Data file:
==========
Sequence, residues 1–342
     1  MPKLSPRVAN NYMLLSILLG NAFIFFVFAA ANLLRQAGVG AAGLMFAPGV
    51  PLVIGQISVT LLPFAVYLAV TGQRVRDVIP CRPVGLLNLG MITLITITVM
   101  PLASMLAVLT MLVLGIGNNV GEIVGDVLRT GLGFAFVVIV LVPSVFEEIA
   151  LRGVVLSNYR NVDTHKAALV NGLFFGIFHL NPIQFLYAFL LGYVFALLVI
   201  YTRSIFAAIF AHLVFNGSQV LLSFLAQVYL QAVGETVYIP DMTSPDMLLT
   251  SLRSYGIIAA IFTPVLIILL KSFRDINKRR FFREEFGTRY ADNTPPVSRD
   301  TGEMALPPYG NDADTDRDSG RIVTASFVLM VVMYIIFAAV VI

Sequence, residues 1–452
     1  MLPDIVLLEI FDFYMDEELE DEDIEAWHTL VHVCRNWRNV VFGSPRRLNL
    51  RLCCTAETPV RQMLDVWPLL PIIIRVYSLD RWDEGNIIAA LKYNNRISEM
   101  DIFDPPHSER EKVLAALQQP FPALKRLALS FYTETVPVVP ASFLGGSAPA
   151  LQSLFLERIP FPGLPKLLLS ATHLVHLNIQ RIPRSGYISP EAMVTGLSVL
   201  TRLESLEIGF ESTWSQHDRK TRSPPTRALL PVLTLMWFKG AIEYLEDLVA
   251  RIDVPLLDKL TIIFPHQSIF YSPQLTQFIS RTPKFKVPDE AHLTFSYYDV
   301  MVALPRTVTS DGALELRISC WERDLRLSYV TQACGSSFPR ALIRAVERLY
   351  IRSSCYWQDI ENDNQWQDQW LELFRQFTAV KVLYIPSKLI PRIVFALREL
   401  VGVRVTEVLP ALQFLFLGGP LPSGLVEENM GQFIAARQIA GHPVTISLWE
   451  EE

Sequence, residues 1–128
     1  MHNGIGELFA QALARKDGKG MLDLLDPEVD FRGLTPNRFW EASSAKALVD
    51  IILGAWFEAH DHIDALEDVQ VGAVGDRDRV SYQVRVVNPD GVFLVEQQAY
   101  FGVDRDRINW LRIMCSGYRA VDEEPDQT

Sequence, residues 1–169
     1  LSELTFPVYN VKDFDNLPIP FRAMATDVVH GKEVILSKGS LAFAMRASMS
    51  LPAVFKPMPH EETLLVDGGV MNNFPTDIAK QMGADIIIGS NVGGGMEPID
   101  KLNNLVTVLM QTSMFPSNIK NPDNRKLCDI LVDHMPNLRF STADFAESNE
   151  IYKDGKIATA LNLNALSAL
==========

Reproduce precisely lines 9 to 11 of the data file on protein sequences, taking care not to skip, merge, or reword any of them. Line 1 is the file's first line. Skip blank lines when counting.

Sequence, residues 1–452
     1  MLPDIVLLEI FDFYMDEELE DEDIEAWHTL VHVCRNWRNV VFGSPRRLNL
    51  RLCCTAETPV RQMLDVWPLL PIIIRVYSLD RWDEGNIIAA LKYNNRISEM